Learning outcomes:
describe the structure and explain the function of the male and female reproductive systems - b
understand the roles of oestrogen and progesterone in the menstrual cycle
describe the role of the placenta in the nutrition of the developing embryo
understand how the developing embryo is protected by amniotic fluid
understand the roles of oestrogen and testosterone in the development of secondary sexual characteristics.
Male reproductive System:
Female reproductive system:


When the egg and sperm fuse (fertilisation) the resulting zygote begins to divide by mitosis (see next section) and becomes an embryo. The embryo quickly develops a placenta, which brings the mother’s blood supply very close to the foetus’ blood supply. The two blood streams never mix (otherwise the mother‟s white blood cells would attack the foetus!), but they are close enough for diffusion to occur.

Diffuse from foetus to mother - CO2, water, urea
Diffuse from mother to foetus - O2, glucose, amino acids, minerals
The placenta is adapted for diffusion in much the same way as other exchange organs, i.e. it has;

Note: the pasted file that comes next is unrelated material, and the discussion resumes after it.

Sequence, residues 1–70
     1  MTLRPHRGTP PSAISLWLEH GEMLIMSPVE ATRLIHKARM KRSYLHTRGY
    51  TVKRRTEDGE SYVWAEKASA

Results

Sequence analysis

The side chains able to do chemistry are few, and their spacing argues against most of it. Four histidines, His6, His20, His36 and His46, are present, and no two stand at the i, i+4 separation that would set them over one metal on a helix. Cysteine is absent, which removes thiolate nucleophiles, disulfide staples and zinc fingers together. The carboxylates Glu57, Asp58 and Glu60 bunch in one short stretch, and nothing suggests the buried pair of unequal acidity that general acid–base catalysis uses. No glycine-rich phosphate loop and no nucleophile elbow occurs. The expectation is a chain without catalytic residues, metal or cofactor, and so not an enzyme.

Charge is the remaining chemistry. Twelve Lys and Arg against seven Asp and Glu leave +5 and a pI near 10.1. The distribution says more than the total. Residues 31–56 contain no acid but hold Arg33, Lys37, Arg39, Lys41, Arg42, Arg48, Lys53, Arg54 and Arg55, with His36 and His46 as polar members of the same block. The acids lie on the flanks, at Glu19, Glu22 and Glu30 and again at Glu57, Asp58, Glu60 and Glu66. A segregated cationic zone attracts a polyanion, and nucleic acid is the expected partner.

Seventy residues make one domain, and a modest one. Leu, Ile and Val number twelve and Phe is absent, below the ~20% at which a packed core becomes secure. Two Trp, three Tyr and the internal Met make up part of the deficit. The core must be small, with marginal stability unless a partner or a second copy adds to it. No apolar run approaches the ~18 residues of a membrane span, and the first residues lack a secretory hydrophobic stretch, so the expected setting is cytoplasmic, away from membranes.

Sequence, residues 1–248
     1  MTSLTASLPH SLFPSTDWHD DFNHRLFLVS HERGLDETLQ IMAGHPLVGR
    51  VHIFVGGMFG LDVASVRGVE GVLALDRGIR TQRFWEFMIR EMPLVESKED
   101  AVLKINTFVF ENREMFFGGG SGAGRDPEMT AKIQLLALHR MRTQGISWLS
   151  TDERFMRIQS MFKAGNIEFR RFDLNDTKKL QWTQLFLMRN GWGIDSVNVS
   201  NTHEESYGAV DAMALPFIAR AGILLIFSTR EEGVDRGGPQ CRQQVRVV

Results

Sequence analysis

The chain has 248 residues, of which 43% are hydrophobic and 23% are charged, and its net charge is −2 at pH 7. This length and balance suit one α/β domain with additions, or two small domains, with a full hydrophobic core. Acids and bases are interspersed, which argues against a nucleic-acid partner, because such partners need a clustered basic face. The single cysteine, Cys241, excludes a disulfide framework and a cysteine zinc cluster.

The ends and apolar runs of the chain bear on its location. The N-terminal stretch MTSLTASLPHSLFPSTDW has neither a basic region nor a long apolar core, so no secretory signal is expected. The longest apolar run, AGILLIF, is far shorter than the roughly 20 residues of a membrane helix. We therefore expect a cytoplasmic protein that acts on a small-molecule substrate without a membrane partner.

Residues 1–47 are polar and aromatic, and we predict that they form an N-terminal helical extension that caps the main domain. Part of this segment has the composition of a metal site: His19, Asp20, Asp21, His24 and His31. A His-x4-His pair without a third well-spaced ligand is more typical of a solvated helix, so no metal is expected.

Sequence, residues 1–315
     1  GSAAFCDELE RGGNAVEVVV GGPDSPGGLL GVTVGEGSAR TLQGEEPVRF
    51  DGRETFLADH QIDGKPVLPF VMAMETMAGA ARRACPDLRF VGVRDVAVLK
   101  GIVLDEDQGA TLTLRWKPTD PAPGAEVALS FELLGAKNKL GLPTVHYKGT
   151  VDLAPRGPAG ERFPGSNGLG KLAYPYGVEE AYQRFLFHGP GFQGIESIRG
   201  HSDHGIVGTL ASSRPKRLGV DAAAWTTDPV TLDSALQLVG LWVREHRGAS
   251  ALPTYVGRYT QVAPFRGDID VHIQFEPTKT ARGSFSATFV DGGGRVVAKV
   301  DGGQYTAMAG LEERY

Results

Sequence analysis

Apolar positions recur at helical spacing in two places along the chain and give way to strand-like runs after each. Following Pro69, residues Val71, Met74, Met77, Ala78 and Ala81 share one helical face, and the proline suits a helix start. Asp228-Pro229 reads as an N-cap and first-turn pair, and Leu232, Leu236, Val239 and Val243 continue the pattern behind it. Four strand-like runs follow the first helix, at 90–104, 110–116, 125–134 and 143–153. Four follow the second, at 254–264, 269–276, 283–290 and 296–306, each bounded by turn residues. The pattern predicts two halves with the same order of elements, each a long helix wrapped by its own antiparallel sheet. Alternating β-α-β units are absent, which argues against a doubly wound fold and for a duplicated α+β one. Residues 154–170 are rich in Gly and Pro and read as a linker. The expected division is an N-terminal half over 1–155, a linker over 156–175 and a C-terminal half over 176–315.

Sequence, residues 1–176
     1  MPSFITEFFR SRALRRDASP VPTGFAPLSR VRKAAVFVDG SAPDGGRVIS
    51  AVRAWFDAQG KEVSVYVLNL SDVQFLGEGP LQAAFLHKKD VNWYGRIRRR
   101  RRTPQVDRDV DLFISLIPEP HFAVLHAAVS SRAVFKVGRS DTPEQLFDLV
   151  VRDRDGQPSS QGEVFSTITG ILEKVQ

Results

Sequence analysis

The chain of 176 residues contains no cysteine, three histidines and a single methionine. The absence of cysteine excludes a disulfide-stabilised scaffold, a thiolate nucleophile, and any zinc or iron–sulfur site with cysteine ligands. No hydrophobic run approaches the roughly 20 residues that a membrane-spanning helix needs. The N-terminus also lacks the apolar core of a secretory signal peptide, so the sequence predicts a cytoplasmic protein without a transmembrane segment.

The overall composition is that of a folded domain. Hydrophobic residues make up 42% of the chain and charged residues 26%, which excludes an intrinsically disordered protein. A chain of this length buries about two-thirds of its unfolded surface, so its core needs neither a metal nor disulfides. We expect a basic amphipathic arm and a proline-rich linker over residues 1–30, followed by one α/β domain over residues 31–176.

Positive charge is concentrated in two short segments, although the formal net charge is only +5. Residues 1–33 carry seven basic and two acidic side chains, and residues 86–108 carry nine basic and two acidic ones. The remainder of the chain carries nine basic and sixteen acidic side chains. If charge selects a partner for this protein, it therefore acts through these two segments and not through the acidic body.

- Huge surface area (it has lots of villi-like projections)
- Only a few cells thick
- Blood supplies keep the concentration gradients high
- Counter-current system (this one is an A-level idea… look it up?!)

As well as the placenta the embryo also develops an amnion (membrane sac, which fills up with amniotic fluid). This helps cushion the embryo and protects it.

Reproductive Hormones:

During puberty boys make testosterone in their testes and girls make oestrogen in their ovaries.

- Causes testes to drop & penis to enlarge
- Triggers spermatogenesis (sperm manufacture)
- Causes growth of pubic and body hair
- Causes larynx to enlarge (voice deepens)
- Causes muscles to grow

- Triggers menstruation to begin
- Causes maturation of vagina
- Causes breasts to grow
- Causes growth of pubic and body hair
- Causes hips to widen
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